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  1. 1. Enzymes made easy<br />Done by: David Li<br />
  2. 2. What is enzyme?<br />An enzyme is a catalyst<br />WTF?? What is catalyst??????<br />A catalyst is something that changes things without being changed itself. <br />A catalyst gets things going. It makes things happen. <br />For example a CEO of a construction company, he gets people build things, but he does not build himself. He is a catalyst<br />
  3. 3. What is enzyme<br />Enzymes are the catalysts for chemical reactions. <br />They either make them happen or speed them up. <br />Chemical reactions keep our bodies going, without them, we’d die. S-I-M-P-L-E.<br />
  4. 4. Substrates<br />Each enzyme will only work on certain specific substances.<br />The substances they work on are called substrates.<br />A good description is a keyhole and a key, when the right key meets the right keyhole, chemical reactions happen.<br />
  5. 5. Action/Reaction Site<br />The place where the right enzyme binds itself to the right substrate. It is called the active site of the enzyme. <br />Action Site<br /> - The region that binds the substrate, and then carries out the reaction.<br />
  6. 6. Process of reaction<br />The enzyme attaches itself to the substrate at its active site.<br />A reaction begins<br />The substrate is changed. <br />The reaction stops.<br />The enzyme lets go. It is regenerated. But the substrate has been changed forever.<br />The substrate is now called the product.<br />
  7. 7. Equilibrium<br />The enzyme wants to turn itself back into its original chemicals after a reaction. There is a point where chemical reaction complete and point where it tries to turn back meet and cancel each other out. <br />At this point, the rate of the first reaction and the second reaction are equal. The product becomes stable. This is called the point of equilibrium. <br />
  8. 8. Simple and Complex enzymes<br />Most enzymes require the presence of other compounds (cofactors) before they can act as catalysts. <br />There are two different kinds of enzymes<br />Enzymes which contains mostly of protein or made of protein only are considered simple enzymes<br />
  9. 9. Simple and Complex enzymes<br />Enzymes that contain other things are called holoenzymes, also called complex enzymes<br />A holoenzyme has two parts. <br /> - The protein part is called the apoenzyme. <br /> - The other part is called the coenzyme. <br />However, simple and complex enzymes work in much the same way<br />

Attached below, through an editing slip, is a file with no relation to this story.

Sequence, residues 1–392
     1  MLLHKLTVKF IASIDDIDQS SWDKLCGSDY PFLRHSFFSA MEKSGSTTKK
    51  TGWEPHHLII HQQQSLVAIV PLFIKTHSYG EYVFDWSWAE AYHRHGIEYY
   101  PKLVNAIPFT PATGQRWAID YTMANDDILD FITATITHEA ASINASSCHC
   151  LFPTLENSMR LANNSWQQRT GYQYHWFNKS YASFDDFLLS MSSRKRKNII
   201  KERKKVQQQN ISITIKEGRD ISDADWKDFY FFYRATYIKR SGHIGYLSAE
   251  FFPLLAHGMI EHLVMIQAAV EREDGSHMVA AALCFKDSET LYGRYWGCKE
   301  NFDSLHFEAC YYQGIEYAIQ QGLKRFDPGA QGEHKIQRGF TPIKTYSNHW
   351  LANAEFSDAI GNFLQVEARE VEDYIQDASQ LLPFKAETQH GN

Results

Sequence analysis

10. 10. Things that affect their performance<br />Temperature- Proteins change shape as their temperature changes. This affects the “keyhole and key” fit we described earlier. So if the enzyme changes its shape, it can’t work.<br />pH Levels - For example, if you did an experiment where you changed the pH level from 7 to 6 and more product was formed, that would prove that the enzyme was a more active conformation (worked better) at pH6.  <br />
  11. 11. Things that affect their performance<br />Activators - Sometimes you need an enzyme to work faster and your body creates something to make it do so – it activates it. That’s an activator. One example is to eat a candy bar to give yourself energy.<br />
  12. 12. Things that affect their performance<br />Inhibitors - They are the opposite of activators. They slow the chemical reaction down or even stop it altogether. The chemical reactions that enzymes create are what keep us alive. Unfortunately, they can also make us sick. But if those reactions can be stopped or slowed, we get well. This is an important thing to take notice<br />
  13. 13. Inhibitors<br />Examples of inhibitors - <br /> - antibiotics<br /> - Celebrax (a type of medicine for arthritis)<br /> - Fermentation<br /> - Alcoholic Beverages<br />
  14. 14. Types of inhibitors<br />Irreversible enzyme inhibitors - like cyanide and other poison, these are life threatening and do not have much opportunity for beneficial drug research<br />Reversible enzyme inhibitors - The hallmark of all reversible enzyme inhibitors is when the inhibitor concentration drops, enzyme activity is regenerated. These reversible enzyme inhibitors are divided into two groups<br />Next slide for more info<br />
  15. 15. Reversible Enzyme Inhibitors<br />Competitive– These enzyme inhibitors are called competitive because they compete with the substrate for binding at the active site of the enzyme. Most enzyme inhibitor drugs are competitive enzyme inhibitors. <br />Non-competitive- these inhibitors bind at places other than the active site of the enzyme so they don’t compete with the substrate.<br />
  16. 16. ~ Activities!! ~<br />I have done a worksheet to help people to remember the facts better. It should be sent along with other things.<br />
  17. 17. ~ Thank you!! ~<br />